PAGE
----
A good 20 years before the original cocaine-infused Coca-Cola taught the world to grind its teeth and give ineffectual bathroom-stall handjobs in per•fect har•mo•ny, there was another drink of choice among those wishing to feel invigorated and overconfident for no good reason. It was called “coca wine” and it was loved not only by self-important blowhards wearing too much jewelry but by Kings and Popes and… oh, right. Anyhow, it was called Vin Tonique Mariani (or simply Vin Mariani) was sold as a curative, and in the latter half of the 19th century it was a medicinal, recreational, and marketing powerhouse. To paraphrase J.J. Cale “Czars don’t lie, Popes don’t lie, Queens don’t lie…”
In 1863, after having read a paper by Paolo Mantegazza (the man who first isolated cocaine from coca leaves) on the effects of the coca leaf, and seeing the economic potential, Angelo Mariani, a corsican chemist, set to work creating a “tonic” of his own. The resultant coca wine, a Bordeaux treated with coca leaves, was the first recreational cocaine product brought to market. It’s formula evidently yielded a drink which was 10% alcohol and 8.5% cocaine extract by volume.
Typical table wine, today, has an alcohol content of approximately 8-14%, so Vin Mariani falls squarely in the average. Not a fortified rotgut or anything. As for the 8.5% cocaine extract… I don’t really know how to compare that number. It’s more than the 7% Holmes liked to shoot? It doesn’t matter much, however, because evidently it wasn’t specifically the alcohol or the cocaine percentages which made Vin Mariani so potent, but rather the chemical combination of the two.
Quote: “If cocaine is consumed on its own, it yields two principal metabolites, ecgonine methyl ester and benzoyleconine. Neither compound has any discernible psychoactive effect. Cocaine co-administered with alcohol, however, yields a potent psychoactive metabolite, cocaethylene. Cocaethylene is very rewarding agent in its own right. Cocaethylene is formed in the liver by the replacement of the methyl ester of cocaine by the ethyl ester. It blocks the dopamine transporter and induces euphoria. Hence coca wine drinkers are effectively consuming three reinforcing drugs rather than one.” -Cocaine.org
Needless to say this tonic was a hit. So much so that Angelo began using its popularity among “notable personages” as a main selling point. His advertisements still extolled the curative virtues of the product, “renewing, invigorating, nourishing, strengthening, refreshing,” etc…
But damn near every product of the time made similar claims didn’t they? What made Vin Mariani really stand out (aside from the addictive narcotic high, obviously) was Angelo’s celebrity media blitz, a positively banal tactic in todays advertising landscape but, in the 1860’s, almost certainly the first marketing campaign of its kind.
Quote: “Mariani introduced his coca wine in the mid-1860s. By the mid-1880s he was the largest importer of coca leaves in Europe, and his Vin Mariani the most avidly endorsed tonic on both sides of the Atlantic. Testimonials from eminent personages were so numerous that Mariani, as great a public relations man as he was a chemist, published them in handsome leather-bound volumes—replete with portraits and biographical sketches of the endorsers.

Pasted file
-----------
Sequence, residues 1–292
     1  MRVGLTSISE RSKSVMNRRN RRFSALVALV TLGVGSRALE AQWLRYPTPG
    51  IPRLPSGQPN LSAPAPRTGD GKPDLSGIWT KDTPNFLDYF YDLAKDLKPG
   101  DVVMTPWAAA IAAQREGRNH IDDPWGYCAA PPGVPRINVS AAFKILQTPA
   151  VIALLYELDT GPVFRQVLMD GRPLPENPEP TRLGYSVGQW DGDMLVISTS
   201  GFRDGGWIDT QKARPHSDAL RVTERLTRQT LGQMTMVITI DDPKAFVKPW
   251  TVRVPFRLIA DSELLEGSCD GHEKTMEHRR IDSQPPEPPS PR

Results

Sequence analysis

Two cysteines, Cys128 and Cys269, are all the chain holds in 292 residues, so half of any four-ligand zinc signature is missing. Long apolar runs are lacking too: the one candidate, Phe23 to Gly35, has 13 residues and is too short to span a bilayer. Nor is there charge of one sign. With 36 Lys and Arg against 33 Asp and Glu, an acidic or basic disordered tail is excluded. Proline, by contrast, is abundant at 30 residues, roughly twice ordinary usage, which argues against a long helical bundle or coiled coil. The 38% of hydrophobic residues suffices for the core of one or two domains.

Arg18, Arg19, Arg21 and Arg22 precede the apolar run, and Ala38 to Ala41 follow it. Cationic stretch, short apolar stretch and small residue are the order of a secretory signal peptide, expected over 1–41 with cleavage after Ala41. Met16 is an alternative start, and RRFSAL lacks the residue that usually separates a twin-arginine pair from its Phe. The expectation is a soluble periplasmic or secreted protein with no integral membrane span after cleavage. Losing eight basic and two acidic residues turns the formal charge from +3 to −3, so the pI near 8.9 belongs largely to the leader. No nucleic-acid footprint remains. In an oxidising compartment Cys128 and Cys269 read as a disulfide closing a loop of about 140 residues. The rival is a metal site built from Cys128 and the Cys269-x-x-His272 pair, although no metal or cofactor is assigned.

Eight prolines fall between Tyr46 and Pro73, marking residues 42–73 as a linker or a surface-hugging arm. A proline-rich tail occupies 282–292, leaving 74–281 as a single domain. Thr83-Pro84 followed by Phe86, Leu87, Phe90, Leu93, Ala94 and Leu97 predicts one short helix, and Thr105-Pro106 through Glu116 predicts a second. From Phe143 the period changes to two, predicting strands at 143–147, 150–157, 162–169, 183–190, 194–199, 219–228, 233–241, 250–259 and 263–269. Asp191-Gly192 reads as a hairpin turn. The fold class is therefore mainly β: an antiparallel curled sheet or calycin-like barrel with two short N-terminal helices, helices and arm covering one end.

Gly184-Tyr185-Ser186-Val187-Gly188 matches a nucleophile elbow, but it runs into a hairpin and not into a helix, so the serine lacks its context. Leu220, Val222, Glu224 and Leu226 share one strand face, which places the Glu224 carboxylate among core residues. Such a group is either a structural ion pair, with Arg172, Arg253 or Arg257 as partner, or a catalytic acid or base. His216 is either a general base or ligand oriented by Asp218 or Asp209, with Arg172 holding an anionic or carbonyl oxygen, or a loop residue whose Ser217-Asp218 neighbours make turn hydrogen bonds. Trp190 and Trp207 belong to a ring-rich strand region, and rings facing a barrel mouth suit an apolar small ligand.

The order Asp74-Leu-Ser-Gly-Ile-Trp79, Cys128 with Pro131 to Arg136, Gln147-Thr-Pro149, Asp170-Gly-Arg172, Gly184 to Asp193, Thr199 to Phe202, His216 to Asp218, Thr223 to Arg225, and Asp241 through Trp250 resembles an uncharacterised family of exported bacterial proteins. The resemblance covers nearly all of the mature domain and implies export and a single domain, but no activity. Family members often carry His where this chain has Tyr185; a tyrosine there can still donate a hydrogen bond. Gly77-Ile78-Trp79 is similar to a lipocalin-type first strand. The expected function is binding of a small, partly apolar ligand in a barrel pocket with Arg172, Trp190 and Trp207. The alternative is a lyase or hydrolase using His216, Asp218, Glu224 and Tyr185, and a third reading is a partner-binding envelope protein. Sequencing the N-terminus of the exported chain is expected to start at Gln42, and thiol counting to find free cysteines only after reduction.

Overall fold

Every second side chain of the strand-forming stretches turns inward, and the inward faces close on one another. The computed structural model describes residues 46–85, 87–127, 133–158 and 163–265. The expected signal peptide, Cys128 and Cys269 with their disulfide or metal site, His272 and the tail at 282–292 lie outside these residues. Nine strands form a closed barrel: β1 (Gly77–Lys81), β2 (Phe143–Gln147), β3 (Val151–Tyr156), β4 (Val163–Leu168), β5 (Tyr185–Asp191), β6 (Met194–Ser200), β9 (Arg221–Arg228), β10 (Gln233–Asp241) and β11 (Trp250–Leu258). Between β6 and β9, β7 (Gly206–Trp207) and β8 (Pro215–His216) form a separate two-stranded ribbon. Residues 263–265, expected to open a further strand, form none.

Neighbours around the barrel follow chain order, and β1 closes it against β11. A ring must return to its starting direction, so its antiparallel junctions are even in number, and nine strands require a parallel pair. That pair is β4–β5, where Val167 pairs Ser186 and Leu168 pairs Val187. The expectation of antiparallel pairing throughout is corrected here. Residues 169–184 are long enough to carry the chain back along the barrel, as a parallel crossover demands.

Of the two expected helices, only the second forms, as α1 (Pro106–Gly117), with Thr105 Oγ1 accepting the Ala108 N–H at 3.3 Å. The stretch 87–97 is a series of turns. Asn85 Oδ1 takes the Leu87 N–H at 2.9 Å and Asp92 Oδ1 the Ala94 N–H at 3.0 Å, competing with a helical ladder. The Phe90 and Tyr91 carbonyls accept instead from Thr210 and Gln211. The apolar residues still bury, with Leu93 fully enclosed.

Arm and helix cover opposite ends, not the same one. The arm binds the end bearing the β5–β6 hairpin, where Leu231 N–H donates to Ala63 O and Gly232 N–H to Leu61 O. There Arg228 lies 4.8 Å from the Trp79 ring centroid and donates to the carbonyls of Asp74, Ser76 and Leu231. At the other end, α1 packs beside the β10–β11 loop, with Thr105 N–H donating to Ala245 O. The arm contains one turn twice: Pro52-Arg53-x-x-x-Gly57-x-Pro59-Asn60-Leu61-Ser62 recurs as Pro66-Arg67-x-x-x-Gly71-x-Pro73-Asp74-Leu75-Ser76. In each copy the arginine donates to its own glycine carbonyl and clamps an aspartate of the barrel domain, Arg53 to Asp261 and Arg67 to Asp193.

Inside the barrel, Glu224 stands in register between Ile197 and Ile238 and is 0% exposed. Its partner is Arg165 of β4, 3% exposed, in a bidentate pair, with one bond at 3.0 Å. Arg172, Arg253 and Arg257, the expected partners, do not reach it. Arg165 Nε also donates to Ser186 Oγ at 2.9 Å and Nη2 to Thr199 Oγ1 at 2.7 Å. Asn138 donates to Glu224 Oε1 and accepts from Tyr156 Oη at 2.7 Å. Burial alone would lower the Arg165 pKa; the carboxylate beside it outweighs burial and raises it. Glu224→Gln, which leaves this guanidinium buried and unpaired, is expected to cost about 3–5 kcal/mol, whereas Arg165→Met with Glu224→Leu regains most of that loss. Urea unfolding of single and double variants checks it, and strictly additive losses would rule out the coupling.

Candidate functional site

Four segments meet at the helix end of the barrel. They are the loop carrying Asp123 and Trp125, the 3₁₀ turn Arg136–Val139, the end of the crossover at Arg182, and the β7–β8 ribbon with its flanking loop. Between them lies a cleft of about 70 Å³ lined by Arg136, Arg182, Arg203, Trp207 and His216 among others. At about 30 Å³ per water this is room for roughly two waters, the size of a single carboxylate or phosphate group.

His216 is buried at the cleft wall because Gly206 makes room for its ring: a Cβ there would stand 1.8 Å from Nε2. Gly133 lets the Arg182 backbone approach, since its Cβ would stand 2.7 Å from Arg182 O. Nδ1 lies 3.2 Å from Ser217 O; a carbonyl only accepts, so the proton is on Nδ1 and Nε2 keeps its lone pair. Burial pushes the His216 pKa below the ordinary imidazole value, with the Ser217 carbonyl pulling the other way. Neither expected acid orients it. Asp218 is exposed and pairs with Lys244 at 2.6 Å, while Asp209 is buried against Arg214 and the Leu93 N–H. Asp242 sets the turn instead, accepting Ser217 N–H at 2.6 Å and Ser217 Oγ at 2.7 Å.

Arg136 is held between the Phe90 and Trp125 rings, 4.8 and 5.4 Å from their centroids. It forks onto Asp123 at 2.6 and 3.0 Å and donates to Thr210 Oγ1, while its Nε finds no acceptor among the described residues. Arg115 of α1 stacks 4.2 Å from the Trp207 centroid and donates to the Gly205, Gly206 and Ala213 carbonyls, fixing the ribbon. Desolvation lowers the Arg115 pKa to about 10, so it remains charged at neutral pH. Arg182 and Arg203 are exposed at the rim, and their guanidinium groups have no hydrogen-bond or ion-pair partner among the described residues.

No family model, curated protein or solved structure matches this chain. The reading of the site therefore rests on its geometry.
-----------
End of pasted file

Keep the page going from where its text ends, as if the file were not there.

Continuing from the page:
Those present included the Prince of Wales, the czar and czarina of Russia, the kings of Norway and Sweden, the commanding general of the British Army, and Pope Leo XIII, who, after many years of sipping Vin Mariani, cited Mariani as a “benefactor of humanity” and presented him with a gold medal.
Some 8,000 doctors swore to the virtues of Vin Mariani. And Dr. J. Leonard Corning of New York, the first surgeon to use cocaine for spinal anesthesia, testified that ‘Of all the tonic preparations ever introduced to the notice of the profession, this is undoubtedly the most potent for good in the treatment of exhaustive and irritative conditions of the central nervous system.’
Alexandre Dumas, Jules Verne, Emile Zola, Henrik Ibsen, and other renowned authors were equally lavish in their praise of Vin Mariani. Bartholdi, sculptor of the Statue of Liberty, wrote that this ‘precious wine will give me the strength to carry out certain other projects already formed.’
Thomas Edison, a man who slept only four hours a day, was a steady user. The secretary of President McKinley noted that a case of Vin Mariani had received an enthusiastic reception by the president. The physicians of Ulysses S. Grant wrote that Mariani products had given the sick general and former president the strength to work several hours a day on his memoirs. And Queen Victoria was so pleased to receive a set of Mariani testimonial volumes that she wrote the master that she considered them among the finest specimens in her collection.” -High Times Encyclopedia of Recreational Drugs, 1978.
The success of Mariani’s wine inspired many imitators, the most famous being, of course, John Smyth Pemberton who’s “Pemberton’s French Wine Coca” would survive various American prohibition laws, the 1906 Pure Food and Drug Act, and growing public anxiety over the addictive qualities of cocaine to become Coca-Cola. Vin Mariani was not as fortunate.
Today, barring some homemade preparation by intrepid psychonauts, the closest you’re likely to get to that original “renewing, invigorating, nourishing, strengthening, refreshing” Mariani high would be through the Peruvian grown, Vin Mariani branded, “coca wine” being produced by the UK company, Mariani Amalgamated, Ltd., and one would have to assume that’s not very close at all. As for the over-the-top celebrity marketing campaigns and the doctor-prescribed highs… hey, no problemo man, we’re cool.
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